The unit's depth has taken a hit heading into 2013, but the star power is still certainly there in the form of linebackers Kyle Van Noy and Spencer Hadley, corner Jordan Johnson, and perhaps a sophomore or two up front. I cannot guarantee the unit will be quite as effective this fall, but it should be just as aggressive and fun to watch.

Defensive Line

Category Adj.
Line Yds
Std.
Downs
LY/carry
Pass.
Downs
LY/carry
Opp.
Rate
Power
Success
Rate
Stuff
Rate
Adj.
Sack Rate
Std.
Downs
Sack Rt.
Pass.
Downs
Sack Rt.
Team 116.5 2.30 2.64 28.8% 59.3% 25.9% 132.1 6.9% 8.9%
Rank 12 2 18 2 16 5 21 13 25
Name Pos Ht, Wt 2013
Year
Rivals GP Tackles % of Team TFL Sacks Int PBU FF FR
Ezekiel Ansah DE 13 48.5 7.7% 13 4.5 1 9 1 0
Romney Fuga NT 13 29.0 4.6% 2.5 1.5 0 1 0 0
Bronson Kaufusi DE 6'7, 270 So. **** (5.9) 13 17.0 2.7% 5.5 4.5 0 1 0 1
Russell Tialavea DE 13 14.5 2.3% 2 1 0 2 0 2
Eathyn Manumaleuna NT 6'2, 288 Sr. ** (5.3) 4 8.0 1.3% 4 2 0 1 1 0
Remington Peck DE 6'4, 250 So. *** (5.5) 9 6.0 1.0% 1 1 0 0 0 0
Simote Vea NT 9 4.0 0.6% 0 0 0 0 0 1
Mike Muehlmann DE 2 0.5 0.1% 0 0 0 0 0 0
Austin Holt DE 6'5, 250 Jr. *** (5.7)

Marques Johnson NT 6'2, 321 Jr. *** (5.5)
Logan Taele DE 6'2, 240 So. NR
Michael Doman DE 6'4, 240 So. NR

Tuni Kanuch NT 6'1, 285 RSFr. **** (5.8)
JonRyheem Peoples NT 6'6, 298 Fr. *** (5.6)






7. Reloading up front

First, let's say this: there is hope. In losing Top 5 draft pick Ziggy Ansah, tackle Romney Fuga, and backup end Russell Tialavea, BYU finds itself in need of replacing three of the four primary members of last year's stellar line. Ansah made Kyle Van Noy's job pretty easy at times and occupied blockers like the perfect 3-4 end, while Fuga was a lovely space-eater.

But there is a load of potential in players like end Bronson Kaufusi, who could be ready for a major star turn, 2011 starter Eathyn Manumaleuna, who missed nine of 13 games last year (and put up similar numbers in 2011 to what Fuga posted last year), and newcomers to the rotation like end Austin Holt and redshirt freshman Tuni Kanuch. This unit is not very proven at this point, but the ceiling is high. And if it can simply remain competent, the linebackers could do the rest.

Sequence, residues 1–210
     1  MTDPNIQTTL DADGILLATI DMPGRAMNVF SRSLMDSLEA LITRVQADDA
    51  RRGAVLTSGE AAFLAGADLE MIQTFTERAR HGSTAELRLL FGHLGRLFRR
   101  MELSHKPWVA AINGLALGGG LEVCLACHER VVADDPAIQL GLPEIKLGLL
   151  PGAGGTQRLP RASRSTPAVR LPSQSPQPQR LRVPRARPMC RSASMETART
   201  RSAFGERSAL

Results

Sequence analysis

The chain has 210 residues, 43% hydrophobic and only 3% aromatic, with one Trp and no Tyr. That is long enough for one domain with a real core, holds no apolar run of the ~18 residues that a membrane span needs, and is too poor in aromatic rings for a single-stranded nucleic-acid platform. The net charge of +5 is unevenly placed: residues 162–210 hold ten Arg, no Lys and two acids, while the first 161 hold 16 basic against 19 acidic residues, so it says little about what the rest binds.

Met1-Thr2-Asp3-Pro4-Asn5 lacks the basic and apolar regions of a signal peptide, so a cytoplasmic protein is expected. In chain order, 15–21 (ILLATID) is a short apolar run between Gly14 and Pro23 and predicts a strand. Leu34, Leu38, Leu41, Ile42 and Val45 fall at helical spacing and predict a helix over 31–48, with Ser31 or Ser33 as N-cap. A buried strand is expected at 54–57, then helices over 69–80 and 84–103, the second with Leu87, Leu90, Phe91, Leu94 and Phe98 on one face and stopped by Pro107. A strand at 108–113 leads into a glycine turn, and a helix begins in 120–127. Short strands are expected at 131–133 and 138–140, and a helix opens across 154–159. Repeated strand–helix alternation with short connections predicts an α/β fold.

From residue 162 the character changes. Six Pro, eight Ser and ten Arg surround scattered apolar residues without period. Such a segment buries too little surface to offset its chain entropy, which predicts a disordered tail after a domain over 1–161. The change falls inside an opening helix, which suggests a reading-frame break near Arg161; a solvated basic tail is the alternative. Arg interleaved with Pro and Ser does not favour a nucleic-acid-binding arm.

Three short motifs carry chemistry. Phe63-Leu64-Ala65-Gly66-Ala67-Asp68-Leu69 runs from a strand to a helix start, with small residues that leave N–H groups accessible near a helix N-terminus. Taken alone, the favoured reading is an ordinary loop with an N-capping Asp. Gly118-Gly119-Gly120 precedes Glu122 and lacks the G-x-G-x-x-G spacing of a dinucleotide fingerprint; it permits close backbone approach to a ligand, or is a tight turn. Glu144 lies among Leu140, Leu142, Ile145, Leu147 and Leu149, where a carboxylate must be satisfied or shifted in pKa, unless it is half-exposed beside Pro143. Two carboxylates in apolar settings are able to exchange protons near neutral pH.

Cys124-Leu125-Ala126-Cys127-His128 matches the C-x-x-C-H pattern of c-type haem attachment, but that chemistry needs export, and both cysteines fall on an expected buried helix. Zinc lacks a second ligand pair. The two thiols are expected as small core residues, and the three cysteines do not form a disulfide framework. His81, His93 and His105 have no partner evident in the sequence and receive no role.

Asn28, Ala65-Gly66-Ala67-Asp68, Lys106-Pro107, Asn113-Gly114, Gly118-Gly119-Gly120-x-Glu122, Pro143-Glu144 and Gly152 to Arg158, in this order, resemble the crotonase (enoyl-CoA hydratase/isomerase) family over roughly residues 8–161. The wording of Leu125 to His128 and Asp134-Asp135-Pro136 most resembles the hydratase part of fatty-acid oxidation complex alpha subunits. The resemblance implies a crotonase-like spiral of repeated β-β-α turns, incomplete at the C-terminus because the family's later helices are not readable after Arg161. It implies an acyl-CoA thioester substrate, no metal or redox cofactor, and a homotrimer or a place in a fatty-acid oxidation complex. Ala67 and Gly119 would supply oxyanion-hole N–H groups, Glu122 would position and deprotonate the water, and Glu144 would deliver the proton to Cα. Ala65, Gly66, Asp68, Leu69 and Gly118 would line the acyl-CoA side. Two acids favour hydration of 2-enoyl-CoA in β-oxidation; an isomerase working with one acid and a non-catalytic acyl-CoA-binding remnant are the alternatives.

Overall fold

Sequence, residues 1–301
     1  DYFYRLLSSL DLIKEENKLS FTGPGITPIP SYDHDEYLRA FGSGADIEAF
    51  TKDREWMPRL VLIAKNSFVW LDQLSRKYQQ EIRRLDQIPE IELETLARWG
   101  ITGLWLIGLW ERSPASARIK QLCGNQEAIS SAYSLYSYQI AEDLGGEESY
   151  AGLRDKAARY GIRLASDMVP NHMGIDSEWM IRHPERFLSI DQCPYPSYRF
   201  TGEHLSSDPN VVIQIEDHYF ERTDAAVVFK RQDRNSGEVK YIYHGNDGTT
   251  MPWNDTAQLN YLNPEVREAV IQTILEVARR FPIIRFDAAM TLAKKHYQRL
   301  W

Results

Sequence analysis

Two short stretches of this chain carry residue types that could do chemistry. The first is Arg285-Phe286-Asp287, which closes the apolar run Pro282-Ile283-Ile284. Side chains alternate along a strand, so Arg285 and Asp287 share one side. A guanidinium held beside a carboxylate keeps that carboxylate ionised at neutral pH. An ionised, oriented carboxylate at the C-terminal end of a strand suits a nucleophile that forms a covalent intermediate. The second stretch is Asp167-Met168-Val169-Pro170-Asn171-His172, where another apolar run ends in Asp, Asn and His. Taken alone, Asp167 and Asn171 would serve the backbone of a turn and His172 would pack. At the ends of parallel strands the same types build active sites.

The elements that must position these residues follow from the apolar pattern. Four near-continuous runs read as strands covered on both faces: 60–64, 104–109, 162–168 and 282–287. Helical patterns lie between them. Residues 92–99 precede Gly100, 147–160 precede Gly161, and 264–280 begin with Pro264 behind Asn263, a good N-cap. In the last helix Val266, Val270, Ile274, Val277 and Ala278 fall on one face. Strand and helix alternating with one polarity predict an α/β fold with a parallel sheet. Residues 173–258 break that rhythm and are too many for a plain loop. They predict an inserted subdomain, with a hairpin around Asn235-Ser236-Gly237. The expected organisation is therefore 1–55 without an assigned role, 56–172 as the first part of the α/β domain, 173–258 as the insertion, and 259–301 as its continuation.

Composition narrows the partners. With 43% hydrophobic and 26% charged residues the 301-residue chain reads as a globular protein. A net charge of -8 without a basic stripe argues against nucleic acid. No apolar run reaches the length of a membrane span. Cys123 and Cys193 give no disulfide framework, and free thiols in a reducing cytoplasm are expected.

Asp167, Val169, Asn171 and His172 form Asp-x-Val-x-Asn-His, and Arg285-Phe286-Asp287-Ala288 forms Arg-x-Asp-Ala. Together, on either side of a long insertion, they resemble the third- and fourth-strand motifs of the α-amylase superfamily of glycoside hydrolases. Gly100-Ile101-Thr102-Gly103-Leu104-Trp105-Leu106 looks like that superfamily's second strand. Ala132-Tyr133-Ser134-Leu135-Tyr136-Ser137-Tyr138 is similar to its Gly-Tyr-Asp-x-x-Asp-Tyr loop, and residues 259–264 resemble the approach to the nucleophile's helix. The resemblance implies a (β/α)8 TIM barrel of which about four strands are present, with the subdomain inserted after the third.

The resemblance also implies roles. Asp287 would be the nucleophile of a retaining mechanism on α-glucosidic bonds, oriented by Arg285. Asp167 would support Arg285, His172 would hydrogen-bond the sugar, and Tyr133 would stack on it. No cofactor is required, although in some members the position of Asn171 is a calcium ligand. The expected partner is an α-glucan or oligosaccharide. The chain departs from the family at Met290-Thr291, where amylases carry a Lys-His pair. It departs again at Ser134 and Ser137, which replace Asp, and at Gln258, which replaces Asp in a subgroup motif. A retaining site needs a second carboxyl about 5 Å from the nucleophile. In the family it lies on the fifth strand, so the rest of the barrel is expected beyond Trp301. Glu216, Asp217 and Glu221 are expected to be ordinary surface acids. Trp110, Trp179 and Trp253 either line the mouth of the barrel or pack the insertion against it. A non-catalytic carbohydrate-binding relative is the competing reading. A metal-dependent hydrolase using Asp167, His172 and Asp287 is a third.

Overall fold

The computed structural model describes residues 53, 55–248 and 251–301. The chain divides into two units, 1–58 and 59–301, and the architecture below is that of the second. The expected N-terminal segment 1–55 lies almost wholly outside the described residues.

Linebackers

Name Pos Ht, Wt 2013
Year
Rivals GP Tackles % of Team TFL Sacks Int PBU FF FR
Brandon Ogletree BLB 13 76.0 12.1% 13.5 0 0 4 0 0
Kyle Van Noy WLB 6'3, 235 Sr. **** (5.8) 13 45.0 7.2% 22 13 2 5 6 1
Spencer Hadley SLB 6'1, 227 Sr. ** (5.2) 13 42.5 6.8% 9 3.5 0 1 1 2
Uona Kaveinga MLB 13 36.5 5.8% 4.5 0.5 1 2 0 1
Uani' Unga MLB 6'1, 233 Sr. NR 13 22.0 3.5% 3 1 1 1 1 0
Alani Fua SLB 6'5, 215 Jr. *** (5.7) 13 10.5 1.7% 0 0 1 0 0 0
Manoa Pikula BLB 6'1, 235 So. *** (5.6) 12 7.5 1.2% 1.5 0 0 0 0 0
Austen Jorgensen MLB 6'2, 239 Sr. ** (5.4) 4 1.5 0.2% 0 0 0 0 0 0
Tyler Beck BLB 6'1, 220 Sr. ** (5.3) 4 1.0 0.2% 0 0 0 0 0 0
Jherremya Leuta-Douyere WLB 6'0, 236 So. ** (5.3) 10 0.5 0.1% 0 0 0 0 0 0
Toloa'i Ho Ching MLB 6'0, 225 RSFr. *** (5.6)

Kalolo Manumaleuna Utu LB 6'2, 250 Jr. ** (5.4)







8. KVN4Heisman

His supporting cast will change, and that is a little bit scary, but Kyle Van Noy was either the best or second-best playmaking linebacker in the country. Only Georgia's Jarvis Jones could challenge him for that title. In Ansah, he had a fantastic setup man up front; and in Brandon Ogletree, he had the perfect tackling machine next to him at inside linebacker. Van Noy was free to take chances because these two guys could help to cover for him. Without them, his production could slip unless players like Kaufusi and new BLB Manoa Pikula step up. But he set the bar so high in 2012 that 18 tackles for loss, five passes defensed, and five forced fumbles would represent slippage.

Van Noy was just so fun to watch in 2012. He logged 4.5 tackles for loss against Utah alone, then threw in two sacks for a loss of 24 yards against Hawaii. After a relatively quiet October, he erupted late: three solo tackles for loss against San Jose State, three more against New Mexico State (all sacks), and 3.5 TFLs, a pick-six, and a blocked punt touchdown against San Diego State in one of the most dominant bowl performances you'll ever see.